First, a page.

'Co-sponsored by the Harvard Joint Center for...

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    Life and Death in Ancient Egypt: Biomedical Analysis of Mummies and Canopic Jars

    Location: 

    Geological Lecture Hall, 24 Oxford St., Cambridge

    Egyptian mummies and the remains found in ancient canopic jars can now be studied in great detail using noninvasive medical imaging techniques such as X-rays and computerized tomography, and chemical analysis using gas chromatography–mass spectrometry.

    Drawing from interdisciplinary research conducted in the Valley of the Kings and Egyptian museum collections, Frank Rühli will discuss the value of using state-of-the-art technologies for understanding the life conditions, pathologies, death, and mummification procedures of ancient Egyptians. He will also address ethical...

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    Judy Chicago Research Portal Launch

    Location: 

    Radcliffe Institute for Advanced Study, Knafel Center, 10 Garden St., Cambridge

    This event is to celebrate the launch of a collaborative project, the Judy Chicago Research Portal, and to discuss the role of portals in providing access to feminist art archives.

    The Judy Chicago Portal will be presented, challenges in the technology of portal development will be discussed, and Christina Schlesinger and Judy Chicago will discuss the importance of preserving feminist art archives.

    ...

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    Almost Lost Arts: Traditional Crafts and the Artisans Keeping Them Alive

    Location: 

    Geological Lecture Hall, 24 Oxford St., Cambridge

    What does it mean to be a maker, artist, or artisan in the twenty-first century? In her new book, Almost Lost Arts (Chronicle Books, 2019), Emily Freidenrich explores the work of twenty artisans from points worldwide who practice their craft using traditional techniques and analog technologies.

    Three Boston-based artists who specialize in calligraphy and handmade signs will engage in a conversation with Freidenrich and museum curator Narayan Khandekar to discuss the rewards and challenges of using slow, intentional processes in a fast-paced digital world, and to...

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    Writing Black Lives

    Location: 

    Radcliffe Institute for Advanced Study, Knafel Center, 10 Garden Street, Cambridge

    Tomiko Brown-Nagin, Imani Perry, and Robert Reid-Pharr will join in conversation to discuss how their work as biographers speaks to key contemporary discussions about black politics, community, identity, and life.

    Perry will consider her recent book, Looking for Lorraine: The Radiant and Radical Life of Lorraine Hansberry (Beacon Press, 2018), while Reid-Pharr and Brown-Nagin will share perspectives from their own research, writing, and forthcoming books on, respectively, James Baldwin and Constance Baker Motley.

    ...

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    An Evolutionary Journey through Domestication

    Location: 

    Geological Lecture Hall, 24 Oxford St., Cambridge

    As the earliest farmers began to select wild plants and animals that had desirable traits, they initiated a series of genetic changes in these species that gradually made them more suitable for agriculture. Plants became easier to grow, had greater yields, and were of higher quality. Animal species exhibited favorable changes in behavior, coat color, and reproductive traits. Barbara Schaal will discuss how the artificial selection of these species—a pivotal technological achievement—has influenced their genetics, evolution, and capacity to flourish in the care of humans.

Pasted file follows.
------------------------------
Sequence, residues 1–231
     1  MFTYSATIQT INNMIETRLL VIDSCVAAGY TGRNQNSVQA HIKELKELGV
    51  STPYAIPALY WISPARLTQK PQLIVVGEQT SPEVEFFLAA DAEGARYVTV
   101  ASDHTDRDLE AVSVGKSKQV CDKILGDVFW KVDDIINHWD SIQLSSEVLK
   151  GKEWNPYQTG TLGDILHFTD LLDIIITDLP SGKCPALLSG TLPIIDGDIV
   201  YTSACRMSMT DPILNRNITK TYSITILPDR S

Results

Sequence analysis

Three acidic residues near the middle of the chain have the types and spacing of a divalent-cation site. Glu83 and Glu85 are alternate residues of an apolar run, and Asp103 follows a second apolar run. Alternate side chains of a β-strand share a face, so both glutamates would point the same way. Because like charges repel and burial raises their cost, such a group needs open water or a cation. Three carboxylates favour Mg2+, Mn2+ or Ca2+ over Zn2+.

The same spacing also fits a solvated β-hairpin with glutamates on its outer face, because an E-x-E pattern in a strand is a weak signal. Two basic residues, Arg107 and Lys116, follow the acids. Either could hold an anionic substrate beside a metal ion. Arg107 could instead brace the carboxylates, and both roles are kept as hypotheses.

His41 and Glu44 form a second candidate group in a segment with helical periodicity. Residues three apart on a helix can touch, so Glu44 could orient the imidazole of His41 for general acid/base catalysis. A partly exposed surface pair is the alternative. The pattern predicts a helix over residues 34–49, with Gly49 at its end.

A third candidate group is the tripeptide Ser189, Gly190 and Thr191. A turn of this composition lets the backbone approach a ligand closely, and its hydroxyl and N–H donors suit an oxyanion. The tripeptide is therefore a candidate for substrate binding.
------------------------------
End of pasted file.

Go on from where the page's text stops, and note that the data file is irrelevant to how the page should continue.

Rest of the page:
...

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    Black in Design 2019: Black Futurism: Creating a More Equitable Future

    Location: 

    Harvard Graduate School of Design, Gund Hall, Piper Auditorium, 48 Quincy St., Cambridge

    The 2019 Black in Design conference, “Black Futurism: Creating a More Equitable Future” explores pathways to liberation through a design lens, considering the historical past and present structural oppression of black and brown communities locally and internationally. The conference will demonstrate how designers, creatives, organizers, educators, and policymakers are imagining more sustainable and equitable futures for black and brown bodies. The conference will lead discussions and exhibitions on the intersection of black futurism and design, contending with the role of the radical...

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    Lecture: Breaking the Noses on Egyptian Statues

    Location: 

    Geological Lecture Hall, 24 Oxford St., Cambridge

    Why are the noses broken on Egyptian statues? Why were other sculpted body parts, including eyes, mouths, arms, and feet, purposely shattered in antiquity? Focusing on the ancient world of the pharaohs and on the Late Antique world that emerged following Egyptian conversion to Christianity, Edward Bleiberg (Senior Curator of Egyptian, Classical, and Ancient Near Eastern Art at Brooklyn Museum) will examine the patterns of damage inflicted on Egyptian images for personal, political, religious, and criminal reasons. He will also highlight how close inspection of statue damage can...

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    Wildhood: Coming of Age on Planet Earth

    Location: 

    Geological Lecture Hall, 24 Oxford St., Cambridge

    Adolescence is dangerous, difficult, and destiny-shaping for humans and other animals. In Wildhood (Simon & Schuster, 2019), Barbara Natterson-Horowitz and Kathryn Bowers look across species and evolutionary time to find answers to a single, consequential question: Why do some adolescents safely, successfully, and independently enter the adult world, while so many others do not? The authors apply the results of their five-year study of wild animal adolescence to our species, presenting a new understanding of the dangers, stresses, and challenges we face on our journeys to...